This is known as post-consumer recycled cotton, i.e. after the garment has been used and the person wearing it has put it in a collection bin. This technique, which DECATHLON has been working on since 2017, makes it possible to add value to the product's entire life cycle. Simply put, old textile products are recovered to make new ones.

DECATHLON works with collectors/sorters (organisations that collect and sort by colour, material, etc.).

We buy these raw materials and then send them to recyclers. It is they who turn this stock of used clothes into new cotton fibres. Today, we favour mechanical recycling (the fabric is shredded, frayed and does not undergo chemical treatment, as in a 'classic' spinning process) to recycle these fibres.

The other advantage is that this technique does not denature the fibre: it retains the virtues of virgin cotton (such as its feel and appearance). The disadvantage, because it has to be admitted that there could be some, is that the question of quality has to be asked differently. With this technique, the fibres are slightly shorter, which reduces quality (a reduction that translates into less resistance or the risk of pilling). To avoid this risk, we need to strike a balance between recycled cotton and virgin cotton. We find this balance of 30% (recycled) / 70% (virgin), to maintain a good level of quality. (nb: At the end of the life of this "mixed product", another recycling loop could be envisaged. That said, yes, mechanically, each potential recycling will reduce the length of the fibre and, therefore, the quality).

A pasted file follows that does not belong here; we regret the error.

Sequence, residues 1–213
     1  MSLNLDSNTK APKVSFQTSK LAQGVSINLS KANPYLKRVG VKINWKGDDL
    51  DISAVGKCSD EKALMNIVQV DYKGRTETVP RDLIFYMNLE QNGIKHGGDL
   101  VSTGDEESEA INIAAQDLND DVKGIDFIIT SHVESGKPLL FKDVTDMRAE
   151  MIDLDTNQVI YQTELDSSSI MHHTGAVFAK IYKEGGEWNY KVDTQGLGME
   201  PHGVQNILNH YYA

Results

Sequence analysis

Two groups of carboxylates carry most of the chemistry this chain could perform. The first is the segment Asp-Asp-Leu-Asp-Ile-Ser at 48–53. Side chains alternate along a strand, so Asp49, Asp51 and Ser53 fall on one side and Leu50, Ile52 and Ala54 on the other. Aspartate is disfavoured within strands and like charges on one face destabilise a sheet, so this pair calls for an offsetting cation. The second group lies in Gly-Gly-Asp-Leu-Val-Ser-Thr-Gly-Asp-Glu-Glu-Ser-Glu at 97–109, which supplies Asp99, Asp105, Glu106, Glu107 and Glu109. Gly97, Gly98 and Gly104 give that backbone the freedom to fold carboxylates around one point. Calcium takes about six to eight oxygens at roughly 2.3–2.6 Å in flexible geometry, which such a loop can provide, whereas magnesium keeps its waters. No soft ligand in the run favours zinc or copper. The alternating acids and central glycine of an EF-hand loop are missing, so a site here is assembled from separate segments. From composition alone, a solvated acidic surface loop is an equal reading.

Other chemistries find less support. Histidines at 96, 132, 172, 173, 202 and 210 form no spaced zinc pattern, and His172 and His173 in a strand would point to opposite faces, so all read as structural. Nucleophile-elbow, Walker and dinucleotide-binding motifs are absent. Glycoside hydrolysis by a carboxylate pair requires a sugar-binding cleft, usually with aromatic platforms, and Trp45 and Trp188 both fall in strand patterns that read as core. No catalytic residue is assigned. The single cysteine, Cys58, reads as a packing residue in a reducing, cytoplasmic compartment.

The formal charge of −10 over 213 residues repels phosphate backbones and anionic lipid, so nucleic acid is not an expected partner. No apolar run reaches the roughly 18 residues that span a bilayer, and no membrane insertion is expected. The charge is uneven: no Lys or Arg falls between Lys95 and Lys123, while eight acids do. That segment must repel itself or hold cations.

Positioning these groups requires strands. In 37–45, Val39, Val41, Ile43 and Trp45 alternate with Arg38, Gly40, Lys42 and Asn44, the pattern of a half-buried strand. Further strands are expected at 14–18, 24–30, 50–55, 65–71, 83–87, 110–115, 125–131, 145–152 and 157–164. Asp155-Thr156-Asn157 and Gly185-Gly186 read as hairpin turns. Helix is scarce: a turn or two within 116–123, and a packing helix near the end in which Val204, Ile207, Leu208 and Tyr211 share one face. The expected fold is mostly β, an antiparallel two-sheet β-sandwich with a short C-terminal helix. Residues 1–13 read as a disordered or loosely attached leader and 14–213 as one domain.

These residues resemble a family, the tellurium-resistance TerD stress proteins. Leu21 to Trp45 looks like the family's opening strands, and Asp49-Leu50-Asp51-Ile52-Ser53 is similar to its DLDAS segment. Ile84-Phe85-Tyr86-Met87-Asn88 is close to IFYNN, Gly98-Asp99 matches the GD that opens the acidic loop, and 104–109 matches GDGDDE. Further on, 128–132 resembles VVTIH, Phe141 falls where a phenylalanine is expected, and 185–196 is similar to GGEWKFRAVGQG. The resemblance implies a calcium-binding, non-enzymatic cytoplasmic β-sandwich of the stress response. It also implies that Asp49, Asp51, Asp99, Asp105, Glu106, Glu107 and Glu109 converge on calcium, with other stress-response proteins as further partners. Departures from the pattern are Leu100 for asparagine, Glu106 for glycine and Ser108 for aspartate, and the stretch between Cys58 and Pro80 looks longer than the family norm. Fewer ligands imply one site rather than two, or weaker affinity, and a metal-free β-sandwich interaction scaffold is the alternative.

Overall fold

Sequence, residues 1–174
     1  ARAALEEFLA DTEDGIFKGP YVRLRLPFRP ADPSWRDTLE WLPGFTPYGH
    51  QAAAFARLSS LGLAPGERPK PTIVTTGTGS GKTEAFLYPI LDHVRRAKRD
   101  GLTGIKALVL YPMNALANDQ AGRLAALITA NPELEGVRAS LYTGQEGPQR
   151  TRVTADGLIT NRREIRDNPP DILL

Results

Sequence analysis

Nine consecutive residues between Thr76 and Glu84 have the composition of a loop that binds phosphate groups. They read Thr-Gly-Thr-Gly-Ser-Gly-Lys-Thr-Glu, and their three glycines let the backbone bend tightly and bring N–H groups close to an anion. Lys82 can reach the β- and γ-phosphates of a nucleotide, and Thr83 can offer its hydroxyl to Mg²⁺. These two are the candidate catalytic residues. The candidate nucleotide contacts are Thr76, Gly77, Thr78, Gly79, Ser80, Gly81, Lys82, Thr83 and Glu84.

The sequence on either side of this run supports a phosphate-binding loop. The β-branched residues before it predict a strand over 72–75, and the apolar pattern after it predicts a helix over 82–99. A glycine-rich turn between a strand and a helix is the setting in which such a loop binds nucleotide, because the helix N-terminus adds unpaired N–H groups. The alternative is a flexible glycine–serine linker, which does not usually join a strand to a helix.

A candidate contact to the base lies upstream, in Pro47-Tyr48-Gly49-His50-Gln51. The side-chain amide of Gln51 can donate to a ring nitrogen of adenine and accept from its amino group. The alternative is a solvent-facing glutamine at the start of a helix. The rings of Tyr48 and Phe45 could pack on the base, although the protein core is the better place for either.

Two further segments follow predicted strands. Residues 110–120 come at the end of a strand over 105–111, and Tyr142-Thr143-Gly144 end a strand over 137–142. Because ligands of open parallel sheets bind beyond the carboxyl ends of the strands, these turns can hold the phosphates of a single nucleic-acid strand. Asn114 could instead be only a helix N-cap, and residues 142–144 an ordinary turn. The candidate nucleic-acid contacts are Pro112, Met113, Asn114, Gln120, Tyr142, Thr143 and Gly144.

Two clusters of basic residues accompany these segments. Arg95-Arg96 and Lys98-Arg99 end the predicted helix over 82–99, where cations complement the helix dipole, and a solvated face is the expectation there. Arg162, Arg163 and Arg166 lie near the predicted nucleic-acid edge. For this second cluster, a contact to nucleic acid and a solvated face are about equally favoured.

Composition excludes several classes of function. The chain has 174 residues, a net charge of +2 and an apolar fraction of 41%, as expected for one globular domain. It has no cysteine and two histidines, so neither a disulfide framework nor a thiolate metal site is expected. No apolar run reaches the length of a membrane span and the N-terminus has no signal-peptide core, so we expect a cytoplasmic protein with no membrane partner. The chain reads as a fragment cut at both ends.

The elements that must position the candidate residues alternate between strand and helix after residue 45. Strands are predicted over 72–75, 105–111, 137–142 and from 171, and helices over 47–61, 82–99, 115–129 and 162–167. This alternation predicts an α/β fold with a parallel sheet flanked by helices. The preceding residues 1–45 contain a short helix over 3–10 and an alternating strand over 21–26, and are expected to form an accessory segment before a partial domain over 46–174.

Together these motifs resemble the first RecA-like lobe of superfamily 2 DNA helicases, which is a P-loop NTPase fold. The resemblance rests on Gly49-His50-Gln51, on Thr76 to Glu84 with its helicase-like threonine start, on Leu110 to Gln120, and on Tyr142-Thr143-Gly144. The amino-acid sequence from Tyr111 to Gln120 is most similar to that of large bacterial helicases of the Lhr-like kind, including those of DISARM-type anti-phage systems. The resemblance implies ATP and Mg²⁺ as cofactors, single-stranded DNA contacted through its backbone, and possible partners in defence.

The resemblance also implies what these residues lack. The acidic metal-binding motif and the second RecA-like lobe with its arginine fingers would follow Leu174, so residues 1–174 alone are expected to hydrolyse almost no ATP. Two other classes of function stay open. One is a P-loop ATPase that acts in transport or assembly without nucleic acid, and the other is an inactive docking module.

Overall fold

The other point is contamination. Yes, it can be a bit frightening, but the word “contamination” reflects a very simple and not very frightening reality: when using fabrics from collections, we sometimes find small irregularities: a light yellow thread that could have slipped into batches of white fabrics, for example. The quality and strength of the new fibres would obviously not be called into question, but some people might regard this as a visual defect. But that's what makes a t-shirt (for example) unique, and still carries with it a small part of its former life, made up this time of little journeys! Because here, there's no question of flying around the world: the collection takes place in Europe, the yarn is processed in Spain or Portugal, the knitting, finishing, and tailoring in Egypt and the supply area and market remain in this zone (for the moment, in 2023, this process is banned in China and India also works on a local to local basis).